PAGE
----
Truce Deal in Yemen
• The civil war in Yemen — between the Saudi-led coalition and the Iran-backed Houthi rebels — saw a historic two-month truce deal last week, the first of its kind since 2016.
• The anxiously awaited ceasefire agreement, brokered by the United Nations came into effect on April 2.
• Yemen has seen one of the world’s greatest humanitarian catastrophes since the war began in 2015, with enormous starvation, poverty, and civilian casualties.
• As of late 2021, the UN believes that over 377,000 people have died as a result of the fighting.
• The conflict began in 2014, when Houthi militants supported by Iran captured Sanaa and the country’s northwest, forcing the government to flee.
• A military coalition commanded by Saudi Arabia entered a few months later with a large air assault in the hopes of driving the Houthis out and restoring the government.
• Diplomats from the United Nations, the United States, and Gulf countries have been attempting to broker a peace settlement in the war-torn country for years.
• Several ceasefire agreements have had no effect on lowering military action on the ground throughout the years.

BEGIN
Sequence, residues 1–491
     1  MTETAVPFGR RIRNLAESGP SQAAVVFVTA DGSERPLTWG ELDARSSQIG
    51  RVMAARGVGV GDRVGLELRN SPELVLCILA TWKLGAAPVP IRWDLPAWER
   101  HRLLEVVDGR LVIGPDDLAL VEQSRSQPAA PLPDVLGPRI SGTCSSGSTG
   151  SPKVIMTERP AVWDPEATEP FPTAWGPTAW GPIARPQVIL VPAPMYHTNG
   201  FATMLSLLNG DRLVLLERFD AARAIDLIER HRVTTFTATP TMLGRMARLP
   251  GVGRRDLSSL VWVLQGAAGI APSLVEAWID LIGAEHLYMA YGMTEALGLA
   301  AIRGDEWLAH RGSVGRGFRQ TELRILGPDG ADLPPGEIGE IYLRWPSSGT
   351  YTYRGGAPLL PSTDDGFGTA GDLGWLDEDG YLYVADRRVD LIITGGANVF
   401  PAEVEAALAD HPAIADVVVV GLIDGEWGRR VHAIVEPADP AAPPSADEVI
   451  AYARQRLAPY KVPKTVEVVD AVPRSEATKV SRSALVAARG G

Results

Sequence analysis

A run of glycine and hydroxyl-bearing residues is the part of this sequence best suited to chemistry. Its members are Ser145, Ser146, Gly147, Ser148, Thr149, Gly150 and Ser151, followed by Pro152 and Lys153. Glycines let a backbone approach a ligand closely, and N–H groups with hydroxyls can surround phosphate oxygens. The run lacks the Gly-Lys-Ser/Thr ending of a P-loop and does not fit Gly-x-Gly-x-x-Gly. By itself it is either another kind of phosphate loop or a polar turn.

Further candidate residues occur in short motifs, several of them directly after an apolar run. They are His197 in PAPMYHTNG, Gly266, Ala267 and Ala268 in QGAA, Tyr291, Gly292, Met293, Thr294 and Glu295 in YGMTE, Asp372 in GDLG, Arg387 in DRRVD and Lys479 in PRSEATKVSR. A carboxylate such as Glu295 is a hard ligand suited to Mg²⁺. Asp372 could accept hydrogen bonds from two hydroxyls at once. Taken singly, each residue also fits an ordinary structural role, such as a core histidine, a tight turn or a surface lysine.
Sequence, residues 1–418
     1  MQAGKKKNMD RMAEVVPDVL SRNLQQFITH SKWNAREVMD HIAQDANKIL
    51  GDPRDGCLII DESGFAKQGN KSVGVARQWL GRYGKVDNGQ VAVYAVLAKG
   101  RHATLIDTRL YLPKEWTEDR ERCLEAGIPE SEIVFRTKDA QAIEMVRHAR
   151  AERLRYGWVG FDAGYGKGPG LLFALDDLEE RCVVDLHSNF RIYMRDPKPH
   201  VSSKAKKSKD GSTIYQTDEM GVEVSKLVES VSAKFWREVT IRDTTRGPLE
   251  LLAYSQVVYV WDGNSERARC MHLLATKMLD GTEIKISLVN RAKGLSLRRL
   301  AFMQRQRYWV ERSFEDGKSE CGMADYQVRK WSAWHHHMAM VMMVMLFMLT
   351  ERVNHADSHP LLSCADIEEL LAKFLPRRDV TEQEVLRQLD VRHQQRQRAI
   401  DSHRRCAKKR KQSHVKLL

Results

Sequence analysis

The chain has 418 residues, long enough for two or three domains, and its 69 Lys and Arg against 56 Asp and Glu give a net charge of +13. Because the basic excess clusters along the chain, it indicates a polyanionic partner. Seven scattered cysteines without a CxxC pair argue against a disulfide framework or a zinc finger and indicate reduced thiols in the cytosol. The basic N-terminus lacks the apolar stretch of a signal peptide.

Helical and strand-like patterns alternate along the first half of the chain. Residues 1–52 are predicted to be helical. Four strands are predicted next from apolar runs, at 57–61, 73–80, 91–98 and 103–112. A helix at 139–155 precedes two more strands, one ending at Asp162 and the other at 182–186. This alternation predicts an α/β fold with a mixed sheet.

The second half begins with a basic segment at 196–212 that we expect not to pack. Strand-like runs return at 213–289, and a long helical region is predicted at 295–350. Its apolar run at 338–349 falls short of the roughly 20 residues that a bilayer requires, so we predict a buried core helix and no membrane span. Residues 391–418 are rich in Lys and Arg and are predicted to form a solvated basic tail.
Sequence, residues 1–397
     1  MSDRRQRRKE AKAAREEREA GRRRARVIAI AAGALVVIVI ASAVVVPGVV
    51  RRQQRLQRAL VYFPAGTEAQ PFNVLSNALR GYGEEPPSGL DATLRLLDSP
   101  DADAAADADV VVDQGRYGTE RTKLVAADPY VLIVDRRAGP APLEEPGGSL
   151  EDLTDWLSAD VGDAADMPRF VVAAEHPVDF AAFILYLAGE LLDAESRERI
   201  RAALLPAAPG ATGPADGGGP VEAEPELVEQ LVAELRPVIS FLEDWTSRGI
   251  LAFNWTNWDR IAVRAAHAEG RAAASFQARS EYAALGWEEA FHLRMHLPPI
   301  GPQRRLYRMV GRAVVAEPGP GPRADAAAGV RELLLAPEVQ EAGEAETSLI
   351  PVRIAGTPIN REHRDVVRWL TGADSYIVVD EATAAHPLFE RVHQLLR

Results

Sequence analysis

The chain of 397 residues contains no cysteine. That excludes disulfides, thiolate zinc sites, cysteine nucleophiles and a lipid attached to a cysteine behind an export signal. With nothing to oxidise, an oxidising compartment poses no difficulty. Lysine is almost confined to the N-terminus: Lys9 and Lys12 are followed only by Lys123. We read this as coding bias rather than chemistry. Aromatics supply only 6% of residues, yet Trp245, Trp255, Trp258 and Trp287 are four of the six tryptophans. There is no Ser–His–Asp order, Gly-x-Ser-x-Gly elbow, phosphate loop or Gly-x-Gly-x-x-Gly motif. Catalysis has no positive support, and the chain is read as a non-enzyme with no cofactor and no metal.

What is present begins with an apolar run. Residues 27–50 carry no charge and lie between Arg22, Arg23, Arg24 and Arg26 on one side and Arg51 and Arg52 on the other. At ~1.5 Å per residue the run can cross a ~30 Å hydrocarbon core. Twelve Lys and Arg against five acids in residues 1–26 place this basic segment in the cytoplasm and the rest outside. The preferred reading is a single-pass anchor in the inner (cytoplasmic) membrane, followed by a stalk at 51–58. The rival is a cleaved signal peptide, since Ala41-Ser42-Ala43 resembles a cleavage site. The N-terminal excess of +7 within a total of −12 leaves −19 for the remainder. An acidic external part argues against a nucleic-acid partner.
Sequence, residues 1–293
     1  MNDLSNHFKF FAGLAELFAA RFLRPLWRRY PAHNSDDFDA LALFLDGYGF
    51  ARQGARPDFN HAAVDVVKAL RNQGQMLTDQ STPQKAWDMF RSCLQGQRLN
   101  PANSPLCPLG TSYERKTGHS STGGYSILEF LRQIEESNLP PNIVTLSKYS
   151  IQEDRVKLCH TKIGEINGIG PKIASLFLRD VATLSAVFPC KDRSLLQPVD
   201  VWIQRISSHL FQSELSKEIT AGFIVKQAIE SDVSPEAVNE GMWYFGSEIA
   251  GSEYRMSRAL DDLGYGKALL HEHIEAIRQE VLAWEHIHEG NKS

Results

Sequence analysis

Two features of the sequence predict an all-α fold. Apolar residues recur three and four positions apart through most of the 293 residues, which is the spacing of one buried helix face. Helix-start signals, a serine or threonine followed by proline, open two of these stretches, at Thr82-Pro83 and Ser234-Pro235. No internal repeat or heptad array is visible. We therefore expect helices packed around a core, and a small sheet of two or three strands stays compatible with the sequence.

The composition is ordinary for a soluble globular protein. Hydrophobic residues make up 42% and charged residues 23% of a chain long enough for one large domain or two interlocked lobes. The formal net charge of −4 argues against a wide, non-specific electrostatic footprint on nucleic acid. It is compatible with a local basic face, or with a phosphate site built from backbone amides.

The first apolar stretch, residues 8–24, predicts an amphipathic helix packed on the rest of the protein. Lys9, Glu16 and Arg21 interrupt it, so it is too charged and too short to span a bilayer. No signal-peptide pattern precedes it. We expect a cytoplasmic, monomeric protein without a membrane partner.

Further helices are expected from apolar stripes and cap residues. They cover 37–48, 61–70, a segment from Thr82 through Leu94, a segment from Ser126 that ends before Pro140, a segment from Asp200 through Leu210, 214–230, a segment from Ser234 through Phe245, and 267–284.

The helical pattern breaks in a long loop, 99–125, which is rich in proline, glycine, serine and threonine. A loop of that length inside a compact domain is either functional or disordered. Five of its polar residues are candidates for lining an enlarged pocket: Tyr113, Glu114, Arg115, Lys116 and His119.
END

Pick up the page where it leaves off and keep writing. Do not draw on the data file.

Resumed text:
What is the new Truce Deal?
• The two-month peace pact, revealed at the Riyadh peace negotiations, demands for all parties to immediately cease all land, air, and sea hostilities. At the end of March, Saudi Arabia hosted hundreds of Yemenis representing various political organisations in the hopes of brokering peace in the country.
• Commercial planes will be able to operate from the Houthi-held city of Sanaa, and fuel ships will be allowed to enter the port of al-Hudaydah under the terms of the agreement.
• Roads into the beleaguered city of Taiz in the southwest would also be unblocked. More talks on reopening highways elsewhere in Yemen to allow Yemenis to travel freely are included in the deal.
Source : THE HINDU.